If you need to specify a font, such as for custom drawing, use the systemFont(ofSize:) class method (or related methods) of the NSFont class. Use a font size of 0 to automatically obtain appropriate sizing for the Touch Bar.

If you use an image in a button or other control in the Touch Bar, take care to employ a template image. Template images in the Touch Bar respond automatically to system white-point changes, and automatically react to user interactions. The overview in this document lists the built-in Touch Bar template images.

To use your own image assets, use Retina-resolution images, designated as @2x in your asset catalog and with a maximum height of 30 points (corresponding to 60 pixels).

To set colors on objects within an NSTouchBarItem object, use AppKit named colors and use a bezel color property (available starting in macOS 10.12.1). Named colors appear correctly in the Touch Bar, support appearance vibrancy, and respond to system white-point changes. In a button or a segmented control, employ the bezel color property to ensure appropriate appearance in the Touch Bar.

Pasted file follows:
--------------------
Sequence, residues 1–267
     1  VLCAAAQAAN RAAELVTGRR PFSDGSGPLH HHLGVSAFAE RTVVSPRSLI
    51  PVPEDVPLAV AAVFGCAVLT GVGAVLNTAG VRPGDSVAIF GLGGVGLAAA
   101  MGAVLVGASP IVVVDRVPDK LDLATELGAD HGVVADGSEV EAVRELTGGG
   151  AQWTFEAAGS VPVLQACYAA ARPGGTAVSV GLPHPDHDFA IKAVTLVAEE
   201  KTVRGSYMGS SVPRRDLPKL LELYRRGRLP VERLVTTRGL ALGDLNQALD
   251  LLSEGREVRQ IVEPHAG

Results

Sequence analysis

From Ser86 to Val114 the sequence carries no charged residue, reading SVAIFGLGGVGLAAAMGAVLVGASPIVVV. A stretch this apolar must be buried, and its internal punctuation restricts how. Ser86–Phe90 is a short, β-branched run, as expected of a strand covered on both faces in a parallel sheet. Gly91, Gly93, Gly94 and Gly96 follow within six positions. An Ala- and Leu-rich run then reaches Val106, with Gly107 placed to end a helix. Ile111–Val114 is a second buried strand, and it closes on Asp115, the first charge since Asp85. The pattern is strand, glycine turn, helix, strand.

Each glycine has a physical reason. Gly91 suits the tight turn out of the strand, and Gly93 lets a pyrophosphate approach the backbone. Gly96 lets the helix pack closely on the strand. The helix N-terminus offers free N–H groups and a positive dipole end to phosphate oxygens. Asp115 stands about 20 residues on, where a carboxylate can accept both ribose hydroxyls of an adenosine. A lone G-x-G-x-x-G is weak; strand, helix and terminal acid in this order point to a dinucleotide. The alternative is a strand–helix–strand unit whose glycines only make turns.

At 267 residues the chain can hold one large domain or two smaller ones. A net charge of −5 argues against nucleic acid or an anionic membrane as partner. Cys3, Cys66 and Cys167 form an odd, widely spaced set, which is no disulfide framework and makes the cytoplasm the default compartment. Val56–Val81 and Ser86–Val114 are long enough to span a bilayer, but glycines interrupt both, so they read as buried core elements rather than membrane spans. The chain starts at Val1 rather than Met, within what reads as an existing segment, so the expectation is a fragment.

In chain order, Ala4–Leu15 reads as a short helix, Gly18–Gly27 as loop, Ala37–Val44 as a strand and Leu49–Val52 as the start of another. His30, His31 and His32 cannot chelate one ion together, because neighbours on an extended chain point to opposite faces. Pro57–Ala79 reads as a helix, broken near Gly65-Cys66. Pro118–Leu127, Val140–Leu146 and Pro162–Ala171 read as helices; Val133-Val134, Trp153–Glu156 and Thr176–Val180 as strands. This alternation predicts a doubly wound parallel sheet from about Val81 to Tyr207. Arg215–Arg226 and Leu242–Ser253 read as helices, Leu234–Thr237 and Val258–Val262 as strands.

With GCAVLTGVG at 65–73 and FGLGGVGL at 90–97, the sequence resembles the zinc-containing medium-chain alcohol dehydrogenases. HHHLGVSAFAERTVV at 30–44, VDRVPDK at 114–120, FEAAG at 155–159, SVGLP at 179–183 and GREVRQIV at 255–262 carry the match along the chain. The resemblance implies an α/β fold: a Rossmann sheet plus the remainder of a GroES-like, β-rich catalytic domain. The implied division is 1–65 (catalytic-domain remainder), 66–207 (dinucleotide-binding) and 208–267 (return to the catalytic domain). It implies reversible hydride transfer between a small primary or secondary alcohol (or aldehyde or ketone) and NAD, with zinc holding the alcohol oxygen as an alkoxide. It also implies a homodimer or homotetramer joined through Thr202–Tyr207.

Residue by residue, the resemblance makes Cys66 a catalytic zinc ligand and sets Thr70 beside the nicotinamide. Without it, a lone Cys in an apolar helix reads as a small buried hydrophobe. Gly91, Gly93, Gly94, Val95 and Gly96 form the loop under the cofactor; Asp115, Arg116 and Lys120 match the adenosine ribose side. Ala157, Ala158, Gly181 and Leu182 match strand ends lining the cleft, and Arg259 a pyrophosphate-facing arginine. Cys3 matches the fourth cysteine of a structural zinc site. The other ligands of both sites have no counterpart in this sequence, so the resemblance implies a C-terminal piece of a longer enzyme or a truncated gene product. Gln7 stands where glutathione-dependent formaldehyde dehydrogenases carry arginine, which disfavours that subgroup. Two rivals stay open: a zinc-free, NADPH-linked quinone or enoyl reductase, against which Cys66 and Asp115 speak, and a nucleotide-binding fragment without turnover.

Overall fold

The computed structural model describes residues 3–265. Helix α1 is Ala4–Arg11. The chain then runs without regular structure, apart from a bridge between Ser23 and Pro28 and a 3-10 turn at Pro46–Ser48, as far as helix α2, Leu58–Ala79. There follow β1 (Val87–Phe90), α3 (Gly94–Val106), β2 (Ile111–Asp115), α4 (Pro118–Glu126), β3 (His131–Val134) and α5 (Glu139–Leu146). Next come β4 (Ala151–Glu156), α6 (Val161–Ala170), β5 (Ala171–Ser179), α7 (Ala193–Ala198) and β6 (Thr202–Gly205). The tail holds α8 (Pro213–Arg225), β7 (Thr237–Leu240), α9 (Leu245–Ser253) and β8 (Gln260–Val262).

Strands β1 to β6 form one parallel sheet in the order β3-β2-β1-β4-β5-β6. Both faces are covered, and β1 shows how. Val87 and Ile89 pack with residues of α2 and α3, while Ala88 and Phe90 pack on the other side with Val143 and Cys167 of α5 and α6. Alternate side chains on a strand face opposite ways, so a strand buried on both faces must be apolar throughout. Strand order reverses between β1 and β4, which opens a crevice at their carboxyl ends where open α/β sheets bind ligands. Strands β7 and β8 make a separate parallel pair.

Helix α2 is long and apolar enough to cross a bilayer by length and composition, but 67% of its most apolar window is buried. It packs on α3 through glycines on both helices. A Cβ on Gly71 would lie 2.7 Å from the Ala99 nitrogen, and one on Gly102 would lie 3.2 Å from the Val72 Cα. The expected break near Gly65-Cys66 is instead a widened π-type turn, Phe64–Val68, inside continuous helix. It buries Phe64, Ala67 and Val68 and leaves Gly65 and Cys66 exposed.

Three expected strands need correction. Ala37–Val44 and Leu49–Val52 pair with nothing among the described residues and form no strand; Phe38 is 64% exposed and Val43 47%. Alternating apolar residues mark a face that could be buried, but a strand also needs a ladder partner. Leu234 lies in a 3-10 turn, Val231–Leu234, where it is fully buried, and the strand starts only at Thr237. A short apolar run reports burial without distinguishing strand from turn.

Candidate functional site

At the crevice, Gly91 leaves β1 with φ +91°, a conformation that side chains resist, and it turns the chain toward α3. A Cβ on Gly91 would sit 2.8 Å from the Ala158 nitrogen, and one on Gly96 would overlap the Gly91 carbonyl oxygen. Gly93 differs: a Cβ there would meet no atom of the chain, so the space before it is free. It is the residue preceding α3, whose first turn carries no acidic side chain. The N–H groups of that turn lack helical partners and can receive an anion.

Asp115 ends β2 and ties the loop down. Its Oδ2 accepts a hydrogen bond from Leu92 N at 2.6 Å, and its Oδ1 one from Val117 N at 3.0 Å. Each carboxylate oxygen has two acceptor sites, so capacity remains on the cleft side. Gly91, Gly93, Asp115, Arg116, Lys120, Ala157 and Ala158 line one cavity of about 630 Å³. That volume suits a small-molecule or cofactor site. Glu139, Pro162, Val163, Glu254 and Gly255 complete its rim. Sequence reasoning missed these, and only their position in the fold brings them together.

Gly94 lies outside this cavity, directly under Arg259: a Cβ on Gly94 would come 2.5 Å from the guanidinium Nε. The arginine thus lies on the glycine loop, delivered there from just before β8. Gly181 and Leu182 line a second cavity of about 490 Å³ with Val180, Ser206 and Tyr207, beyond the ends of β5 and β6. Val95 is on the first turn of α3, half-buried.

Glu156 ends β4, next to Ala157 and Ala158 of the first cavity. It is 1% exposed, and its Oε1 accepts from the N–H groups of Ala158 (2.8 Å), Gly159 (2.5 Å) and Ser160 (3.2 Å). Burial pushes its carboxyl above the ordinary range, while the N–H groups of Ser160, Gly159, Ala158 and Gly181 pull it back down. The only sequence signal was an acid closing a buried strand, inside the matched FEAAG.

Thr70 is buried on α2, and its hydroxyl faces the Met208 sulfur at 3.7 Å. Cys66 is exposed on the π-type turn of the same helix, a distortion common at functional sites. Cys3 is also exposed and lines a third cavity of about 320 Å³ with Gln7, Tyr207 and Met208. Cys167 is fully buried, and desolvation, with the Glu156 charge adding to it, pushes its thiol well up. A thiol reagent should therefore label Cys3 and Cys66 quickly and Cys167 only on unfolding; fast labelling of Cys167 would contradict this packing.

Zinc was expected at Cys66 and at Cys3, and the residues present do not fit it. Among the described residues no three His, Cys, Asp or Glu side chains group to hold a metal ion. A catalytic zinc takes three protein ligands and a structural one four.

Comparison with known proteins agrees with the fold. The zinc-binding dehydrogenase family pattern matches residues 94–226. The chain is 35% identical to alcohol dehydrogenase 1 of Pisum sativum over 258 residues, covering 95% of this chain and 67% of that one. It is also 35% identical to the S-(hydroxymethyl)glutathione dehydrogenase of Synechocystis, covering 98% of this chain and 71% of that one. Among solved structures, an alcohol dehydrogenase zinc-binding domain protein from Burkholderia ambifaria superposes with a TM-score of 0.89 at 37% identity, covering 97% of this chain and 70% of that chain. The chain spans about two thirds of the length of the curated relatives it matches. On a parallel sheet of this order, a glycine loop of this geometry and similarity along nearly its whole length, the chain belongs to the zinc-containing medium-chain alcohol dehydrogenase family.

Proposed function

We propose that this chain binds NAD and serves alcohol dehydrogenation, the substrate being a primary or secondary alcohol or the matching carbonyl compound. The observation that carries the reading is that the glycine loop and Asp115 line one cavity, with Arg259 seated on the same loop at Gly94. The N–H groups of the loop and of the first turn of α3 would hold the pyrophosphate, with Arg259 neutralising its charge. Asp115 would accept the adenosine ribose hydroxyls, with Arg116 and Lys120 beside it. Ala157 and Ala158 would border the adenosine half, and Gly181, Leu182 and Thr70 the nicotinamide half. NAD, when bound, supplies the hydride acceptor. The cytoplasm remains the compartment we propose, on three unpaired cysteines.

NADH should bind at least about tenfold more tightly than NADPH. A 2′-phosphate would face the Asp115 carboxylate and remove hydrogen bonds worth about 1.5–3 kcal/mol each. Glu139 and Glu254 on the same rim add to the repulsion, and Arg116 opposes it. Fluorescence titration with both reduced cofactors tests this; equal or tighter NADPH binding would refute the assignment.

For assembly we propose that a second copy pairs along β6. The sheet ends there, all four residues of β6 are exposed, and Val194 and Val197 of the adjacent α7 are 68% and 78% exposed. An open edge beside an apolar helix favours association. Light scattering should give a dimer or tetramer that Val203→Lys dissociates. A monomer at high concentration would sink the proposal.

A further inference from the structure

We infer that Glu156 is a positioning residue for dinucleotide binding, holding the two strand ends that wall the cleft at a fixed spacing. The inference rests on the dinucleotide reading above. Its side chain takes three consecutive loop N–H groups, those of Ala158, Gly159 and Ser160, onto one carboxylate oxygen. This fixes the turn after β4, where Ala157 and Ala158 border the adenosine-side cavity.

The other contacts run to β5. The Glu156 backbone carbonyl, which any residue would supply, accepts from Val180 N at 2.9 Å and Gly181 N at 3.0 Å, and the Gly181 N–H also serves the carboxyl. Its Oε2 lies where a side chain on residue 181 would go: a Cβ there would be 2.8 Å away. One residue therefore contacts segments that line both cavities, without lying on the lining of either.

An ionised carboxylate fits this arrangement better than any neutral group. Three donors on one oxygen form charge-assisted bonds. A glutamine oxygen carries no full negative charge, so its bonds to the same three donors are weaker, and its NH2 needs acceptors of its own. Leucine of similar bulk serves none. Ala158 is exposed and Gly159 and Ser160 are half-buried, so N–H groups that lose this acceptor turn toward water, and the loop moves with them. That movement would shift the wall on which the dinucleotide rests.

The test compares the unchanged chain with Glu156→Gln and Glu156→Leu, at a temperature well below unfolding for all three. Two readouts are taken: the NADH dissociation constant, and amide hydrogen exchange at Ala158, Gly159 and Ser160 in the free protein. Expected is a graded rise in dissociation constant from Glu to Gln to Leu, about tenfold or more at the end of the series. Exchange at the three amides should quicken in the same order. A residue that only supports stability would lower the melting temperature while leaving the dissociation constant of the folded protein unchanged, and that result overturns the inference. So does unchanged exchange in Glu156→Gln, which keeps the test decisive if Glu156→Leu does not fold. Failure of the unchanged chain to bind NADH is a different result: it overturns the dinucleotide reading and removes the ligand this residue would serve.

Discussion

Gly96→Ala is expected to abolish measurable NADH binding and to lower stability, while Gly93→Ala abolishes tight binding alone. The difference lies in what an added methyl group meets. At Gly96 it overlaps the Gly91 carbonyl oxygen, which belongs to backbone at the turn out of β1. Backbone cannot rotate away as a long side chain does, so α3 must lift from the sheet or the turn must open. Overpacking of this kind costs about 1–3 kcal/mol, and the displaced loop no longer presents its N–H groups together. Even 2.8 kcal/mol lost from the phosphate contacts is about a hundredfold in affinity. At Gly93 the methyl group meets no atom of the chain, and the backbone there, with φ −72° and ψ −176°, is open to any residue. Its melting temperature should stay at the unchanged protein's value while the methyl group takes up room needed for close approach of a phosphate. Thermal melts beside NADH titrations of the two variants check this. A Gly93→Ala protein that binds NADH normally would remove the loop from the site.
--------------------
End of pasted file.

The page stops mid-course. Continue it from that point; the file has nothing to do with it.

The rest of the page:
To set the background color on a button within a custom item, use code like this:

myButton.bezelColor = NSColor.controlColor

To set color on text and glyphs in the Touch Bar, use the following colors from the NSColor class:

The system automatically changes the relative brightness and the white-point of these colors, depending on the ambient light, and depending on other factors such as keyboard backlight level. Always use these colors, or colors that dynamically derive from these colors, for control backgrounds, text, icons, and glyphs in the Touch Bar.

Handling Touch Events in NSTouchBarItem Objects

The easiest way to handle touch events in an item is to use AppKit controls, such as by adding a button, a segmented control, or a scrubber to the item. Standard AppKit controls convey touch events to your specified targets automatically, so use standard controls whenever possible in your app.

If standard controls are insufficient, you can create composite views with a combination of standard controls, custom views, and gesture recognizers that you manually add to those custom views.